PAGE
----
Réka Kinga Papp

is editor-in-chief at Eurozine since November 2018.

Papp is a journalist specializing in environmental, social and human rights issues, author of a book on sex work and prostitution in Hungary, Aki kurvának áll: szexmunka sztorik (Once You Enrol As a Whore: Sex Work Stories, Kossuth 2017). She anchored Hungarian speaking social science infotainment radio programme Professzor Paprika (2015-19) on Klubrádió’s broadcast and indie political YouTube show Feles (2017-18).

Articles

Cover for: When justice takes too long

Excruciating pain and paralytic numbness alternate in an inhuman rhythm. As Ukrainian artists struggle to overcome exhausted tropes of warfare and martyrdom, others consider what it will take to bring the perpetrators to justice. But moral reckoning is an even more complicated business.

Cover for: You can’t lose democratic elections if they don’t exist

It would have taken a miracle for Viktor Orbán to lose the election. Hungary is a fortified kleptocracy where the ruling party has captured the state and controls 80% of the media. It certainly didn’t help that the opposition’s campaign failed to deliver a post-illiberal vision.

Cover for: Desertion is always an option

Clinging to his nukes, Putin will only lose power if his own turn on him. It’s hard to predict when, if ever, the leaders he has humiliated and threatened into submission will do the basic calculus and find that obeying the tyrant will inevitably cost way more than defiance.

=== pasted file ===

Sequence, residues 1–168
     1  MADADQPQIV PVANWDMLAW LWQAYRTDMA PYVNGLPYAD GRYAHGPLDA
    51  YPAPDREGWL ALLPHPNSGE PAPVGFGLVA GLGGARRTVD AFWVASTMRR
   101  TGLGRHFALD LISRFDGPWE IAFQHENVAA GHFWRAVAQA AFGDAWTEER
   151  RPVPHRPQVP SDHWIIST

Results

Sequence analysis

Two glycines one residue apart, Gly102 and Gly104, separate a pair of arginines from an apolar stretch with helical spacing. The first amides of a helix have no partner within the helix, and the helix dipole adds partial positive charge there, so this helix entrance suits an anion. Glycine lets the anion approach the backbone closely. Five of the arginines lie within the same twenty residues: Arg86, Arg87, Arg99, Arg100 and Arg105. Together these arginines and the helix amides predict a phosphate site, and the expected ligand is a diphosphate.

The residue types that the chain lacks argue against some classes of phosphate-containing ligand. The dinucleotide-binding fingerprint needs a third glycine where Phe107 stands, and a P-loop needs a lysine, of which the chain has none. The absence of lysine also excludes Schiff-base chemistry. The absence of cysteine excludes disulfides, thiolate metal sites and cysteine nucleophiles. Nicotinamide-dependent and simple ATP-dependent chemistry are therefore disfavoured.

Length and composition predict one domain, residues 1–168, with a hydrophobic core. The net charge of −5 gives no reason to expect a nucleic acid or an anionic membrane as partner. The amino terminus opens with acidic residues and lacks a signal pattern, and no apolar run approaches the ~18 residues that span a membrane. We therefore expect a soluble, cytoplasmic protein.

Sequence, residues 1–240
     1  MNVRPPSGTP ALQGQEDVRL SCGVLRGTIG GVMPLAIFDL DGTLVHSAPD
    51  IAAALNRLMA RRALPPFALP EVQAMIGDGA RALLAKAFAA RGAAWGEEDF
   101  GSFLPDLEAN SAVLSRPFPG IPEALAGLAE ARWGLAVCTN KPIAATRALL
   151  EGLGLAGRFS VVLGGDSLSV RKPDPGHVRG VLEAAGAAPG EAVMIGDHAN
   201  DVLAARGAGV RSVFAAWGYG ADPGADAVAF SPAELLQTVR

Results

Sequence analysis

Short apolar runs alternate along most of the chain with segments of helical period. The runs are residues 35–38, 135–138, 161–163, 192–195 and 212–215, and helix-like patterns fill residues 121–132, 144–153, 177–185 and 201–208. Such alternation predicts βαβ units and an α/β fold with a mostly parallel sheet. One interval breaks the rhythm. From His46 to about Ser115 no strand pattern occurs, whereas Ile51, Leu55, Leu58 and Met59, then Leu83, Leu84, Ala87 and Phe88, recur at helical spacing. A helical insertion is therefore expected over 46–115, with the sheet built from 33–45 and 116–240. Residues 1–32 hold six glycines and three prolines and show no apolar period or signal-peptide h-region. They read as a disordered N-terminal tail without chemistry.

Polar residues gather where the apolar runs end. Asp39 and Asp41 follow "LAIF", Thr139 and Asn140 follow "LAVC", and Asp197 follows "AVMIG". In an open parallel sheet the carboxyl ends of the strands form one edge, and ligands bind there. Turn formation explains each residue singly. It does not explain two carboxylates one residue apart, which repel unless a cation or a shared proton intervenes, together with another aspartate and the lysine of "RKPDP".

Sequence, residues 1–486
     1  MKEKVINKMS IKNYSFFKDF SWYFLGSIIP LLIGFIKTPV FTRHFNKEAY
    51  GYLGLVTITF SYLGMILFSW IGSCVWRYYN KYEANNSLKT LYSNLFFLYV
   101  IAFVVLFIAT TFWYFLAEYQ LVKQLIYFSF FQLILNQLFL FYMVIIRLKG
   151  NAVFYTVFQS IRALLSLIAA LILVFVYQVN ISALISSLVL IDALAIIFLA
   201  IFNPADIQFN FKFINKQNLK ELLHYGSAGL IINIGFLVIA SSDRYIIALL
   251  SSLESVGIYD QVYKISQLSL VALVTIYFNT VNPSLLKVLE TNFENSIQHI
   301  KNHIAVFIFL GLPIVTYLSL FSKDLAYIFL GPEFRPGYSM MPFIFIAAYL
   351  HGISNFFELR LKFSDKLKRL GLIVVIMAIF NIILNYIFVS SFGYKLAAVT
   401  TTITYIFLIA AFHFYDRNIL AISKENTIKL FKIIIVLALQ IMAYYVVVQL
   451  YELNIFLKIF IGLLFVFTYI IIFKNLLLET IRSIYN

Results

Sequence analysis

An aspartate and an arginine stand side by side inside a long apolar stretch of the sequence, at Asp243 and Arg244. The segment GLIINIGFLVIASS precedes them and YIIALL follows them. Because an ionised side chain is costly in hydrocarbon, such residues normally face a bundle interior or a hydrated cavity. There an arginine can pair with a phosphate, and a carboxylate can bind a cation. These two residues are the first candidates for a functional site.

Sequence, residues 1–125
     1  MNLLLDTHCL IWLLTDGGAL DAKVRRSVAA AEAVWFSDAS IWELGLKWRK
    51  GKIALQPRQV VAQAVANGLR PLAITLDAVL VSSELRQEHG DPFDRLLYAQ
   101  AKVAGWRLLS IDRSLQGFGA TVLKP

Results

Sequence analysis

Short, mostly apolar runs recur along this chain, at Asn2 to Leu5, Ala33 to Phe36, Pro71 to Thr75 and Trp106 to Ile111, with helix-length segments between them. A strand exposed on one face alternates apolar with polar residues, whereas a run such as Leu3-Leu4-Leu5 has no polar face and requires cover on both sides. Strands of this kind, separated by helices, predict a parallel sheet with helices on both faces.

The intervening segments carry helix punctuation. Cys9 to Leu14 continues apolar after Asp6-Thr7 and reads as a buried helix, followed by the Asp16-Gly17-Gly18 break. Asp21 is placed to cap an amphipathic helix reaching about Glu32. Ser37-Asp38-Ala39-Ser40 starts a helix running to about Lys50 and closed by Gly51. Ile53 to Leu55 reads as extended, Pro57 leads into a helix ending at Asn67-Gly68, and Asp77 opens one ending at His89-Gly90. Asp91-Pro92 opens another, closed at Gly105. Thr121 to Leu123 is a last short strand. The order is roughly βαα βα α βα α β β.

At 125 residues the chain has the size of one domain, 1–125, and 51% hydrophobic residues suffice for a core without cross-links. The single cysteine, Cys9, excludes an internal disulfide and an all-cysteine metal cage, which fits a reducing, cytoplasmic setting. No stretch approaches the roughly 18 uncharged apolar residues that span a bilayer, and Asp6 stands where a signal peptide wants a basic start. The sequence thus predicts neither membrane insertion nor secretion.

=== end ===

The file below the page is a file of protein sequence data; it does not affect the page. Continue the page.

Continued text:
Cover for: Invest in insight!

The crisis has caught up with us, and now we’re asking our readers to invest in Eurozine to help us get through an exceptionally lean year in 2022. Eurozine has been offering outstanding content for free for over 20 years. Your support is crucial to maintaining this work and we are offering exclusive articles, recordings, events and merch to our patrons.

Cover for: The obvious answers nobody wants

The obvious answers nobody wants

Endemic: focal point editorial

New COVID-19 variants keep the international public anxious, and this crisis, permeating all social, economic and political spheres, isn’t even in full bloom yet. Although impossible to contain, it also highlights many potential solutions, which had been lying around for a long time without the political will to act upon them. In gearing up for the much bigger turmoil of an ecological nature, we need to stop concentrating on global centres of power, and give more credit to young motivated people.

Cover for: Education under pressure

Since the COVID-19 pandemic hit, learning and teaching have come under additional strain both at school and in the home, exacerbating existing weaknesses in the system. How to move forward – to diminish rather than increase inequality, to question the labour market’s hold over education and to uphold academic freedom — is critical for students, parents, teachers and society as a whole.

Cover for: Keeping sane